...says president Weah

KLAY–Finance Minister Samuel Tweah has expressed optimism about Liberia’s ability to bounce back from COVID-19, saying, ‘there is more domestic revenue during COVID than pre-covid year.

In an interview with this paper recently, Minister Tweah noted that the Weah led administration was projecting 3.2 percent growth rate this year, subduing the impact of covid 19 on the national economy as was anticipated.

“The revenue impact of COVID has been more subdued than was   imagined of in March of last year. When we began covid, we thought we were going to see a near revenue collapse, it did not happen,” he said.

“We thought the economy would have collapsed, but it did not happen,” That suggests strong resilience. We remain optimistic.”

“Actually, domestic revenue is 9% higher in covid year than in pre-covid year. That suggests strong resilience; we are getting more domestic revenue this year than we did in 2019. We are doing big this year in a number of areas, like agriculture.” He did not rule out challenges.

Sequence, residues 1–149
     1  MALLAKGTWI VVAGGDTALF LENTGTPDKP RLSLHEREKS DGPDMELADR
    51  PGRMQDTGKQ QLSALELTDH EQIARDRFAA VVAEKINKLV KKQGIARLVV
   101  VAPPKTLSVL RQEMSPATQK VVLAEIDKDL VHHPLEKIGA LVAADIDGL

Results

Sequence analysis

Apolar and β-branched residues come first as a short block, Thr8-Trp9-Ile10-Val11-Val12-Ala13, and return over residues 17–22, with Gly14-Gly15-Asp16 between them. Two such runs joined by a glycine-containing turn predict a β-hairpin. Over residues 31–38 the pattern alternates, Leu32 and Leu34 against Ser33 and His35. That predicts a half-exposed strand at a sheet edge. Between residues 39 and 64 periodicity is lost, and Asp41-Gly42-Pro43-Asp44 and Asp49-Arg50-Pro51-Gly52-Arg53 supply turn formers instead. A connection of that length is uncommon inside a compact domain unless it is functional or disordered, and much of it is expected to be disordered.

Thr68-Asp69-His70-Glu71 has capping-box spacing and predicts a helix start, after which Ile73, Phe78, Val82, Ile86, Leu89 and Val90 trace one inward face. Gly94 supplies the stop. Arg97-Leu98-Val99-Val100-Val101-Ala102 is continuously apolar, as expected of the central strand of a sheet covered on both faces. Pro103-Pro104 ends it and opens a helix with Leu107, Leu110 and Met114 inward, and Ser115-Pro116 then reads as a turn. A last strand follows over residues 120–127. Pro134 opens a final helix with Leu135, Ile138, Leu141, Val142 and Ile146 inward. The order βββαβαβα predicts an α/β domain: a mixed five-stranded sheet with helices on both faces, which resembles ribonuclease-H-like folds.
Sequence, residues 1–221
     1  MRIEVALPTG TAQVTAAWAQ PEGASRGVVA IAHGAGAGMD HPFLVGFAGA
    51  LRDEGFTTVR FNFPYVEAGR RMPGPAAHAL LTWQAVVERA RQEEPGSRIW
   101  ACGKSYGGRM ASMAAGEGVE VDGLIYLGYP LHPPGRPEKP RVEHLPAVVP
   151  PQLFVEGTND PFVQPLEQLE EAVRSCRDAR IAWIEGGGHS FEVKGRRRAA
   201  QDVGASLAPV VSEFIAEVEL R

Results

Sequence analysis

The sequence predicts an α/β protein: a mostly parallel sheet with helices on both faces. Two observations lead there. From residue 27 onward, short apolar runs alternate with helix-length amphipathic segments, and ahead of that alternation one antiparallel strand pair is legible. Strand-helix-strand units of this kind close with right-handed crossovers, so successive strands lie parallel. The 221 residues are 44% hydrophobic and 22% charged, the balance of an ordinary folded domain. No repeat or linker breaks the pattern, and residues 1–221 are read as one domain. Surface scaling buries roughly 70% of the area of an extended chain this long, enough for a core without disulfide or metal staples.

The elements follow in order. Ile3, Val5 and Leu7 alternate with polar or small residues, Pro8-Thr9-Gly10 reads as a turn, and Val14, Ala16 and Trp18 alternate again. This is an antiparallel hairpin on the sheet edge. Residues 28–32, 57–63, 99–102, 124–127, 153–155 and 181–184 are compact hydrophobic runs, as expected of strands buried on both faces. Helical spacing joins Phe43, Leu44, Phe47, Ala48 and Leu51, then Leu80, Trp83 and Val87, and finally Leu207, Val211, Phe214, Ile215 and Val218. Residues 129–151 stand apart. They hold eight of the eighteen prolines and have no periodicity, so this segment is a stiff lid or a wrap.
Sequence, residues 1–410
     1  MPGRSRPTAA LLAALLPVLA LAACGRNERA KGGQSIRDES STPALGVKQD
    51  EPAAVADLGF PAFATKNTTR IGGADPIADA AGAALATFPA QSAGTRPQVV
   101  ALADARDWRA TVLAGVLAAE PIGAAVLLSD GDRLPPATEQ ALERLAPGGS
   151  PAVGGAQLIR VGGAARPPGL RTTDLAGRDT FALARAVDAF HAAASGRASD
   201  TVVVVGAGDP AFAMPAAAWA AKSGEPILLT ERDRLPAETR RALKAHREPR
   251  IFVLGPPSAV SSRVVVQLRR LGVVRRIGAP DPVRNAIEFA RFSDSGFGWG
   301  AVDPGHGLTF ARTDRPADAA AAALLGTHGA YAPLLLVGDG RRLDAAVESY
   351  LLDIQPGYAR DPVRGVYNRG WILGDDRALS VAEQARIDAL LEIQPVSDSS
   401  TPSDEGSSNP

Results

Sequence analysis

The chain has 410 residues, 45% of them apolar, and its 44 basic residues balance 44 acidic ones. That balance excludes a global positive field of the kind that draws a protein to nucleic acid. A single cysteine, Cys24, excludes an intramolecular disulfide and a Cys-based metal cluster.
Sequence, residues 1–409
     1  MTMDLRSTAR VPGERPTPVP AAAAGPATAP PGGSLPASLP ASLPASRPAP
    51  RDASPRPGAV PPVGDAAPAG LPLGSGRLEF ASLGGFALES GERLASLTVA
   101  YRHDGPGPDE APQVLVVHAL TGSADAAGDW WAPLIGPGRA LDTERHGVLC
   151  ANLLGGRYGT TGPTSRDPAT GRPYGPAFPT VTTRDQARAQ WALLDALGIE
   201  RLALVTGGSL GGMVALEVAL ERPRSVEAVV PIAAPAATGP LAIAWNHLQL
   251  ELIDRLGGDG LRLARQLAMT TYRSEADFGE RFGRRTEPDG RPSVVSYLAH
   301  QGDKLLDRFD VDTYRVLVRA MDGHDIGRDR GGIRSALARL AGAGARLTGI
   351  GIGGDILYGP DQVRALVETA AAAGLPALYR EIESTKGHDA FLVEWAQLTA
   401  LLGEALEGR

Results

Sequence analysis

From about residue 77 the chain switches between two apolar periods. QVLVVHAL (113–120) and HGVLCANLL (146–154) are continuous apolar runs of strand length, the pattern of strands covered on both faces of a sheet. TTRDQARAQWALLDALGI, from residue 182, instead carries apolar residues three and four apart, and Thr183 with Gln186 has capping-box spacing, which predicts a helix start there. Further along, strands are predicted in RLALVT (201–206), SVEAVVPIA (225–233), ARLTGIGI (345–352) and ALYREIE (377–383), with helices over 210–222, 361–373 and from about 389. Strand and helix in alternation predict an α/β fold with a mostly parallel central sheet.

According to him, he had feared the worst when the pandemic struck last year, since Liberia’s economy was already fragile, partly due to the scaling down of some foreign aid flows after the 2014-16 Ebola outbreaks.

In the longer term, government has high hpes for the country’s rubber industry and plans to develop the sugar manufacturing sector also, he said.

According to him, they are working with a number of banks to give lending to business institutions for financial stability.  In addition the government was looking at other areas, such as the judiciary to ensure that legal issues from the business sector, which may hinder smooth activities, are looked at speedily.   He said, the Chief Justice and the legal arm are looking at them.

He commended Liberia’s international partners for standing with the country.

Currently, External assistance, including International Monetary Fund – I.M.F. debt relief and a $50 million rapid loan, last June, helped the government respond to the health crisis in Liberia.

He said discussions are also ongoing with China about options for debt relief; Minister Tweah did not give further details.

As of the end-2020, Liberia’s debt to China amounted to $54 million out of its total external public debt of around $1.2 billion, according to the IMF, the World Bank associate.

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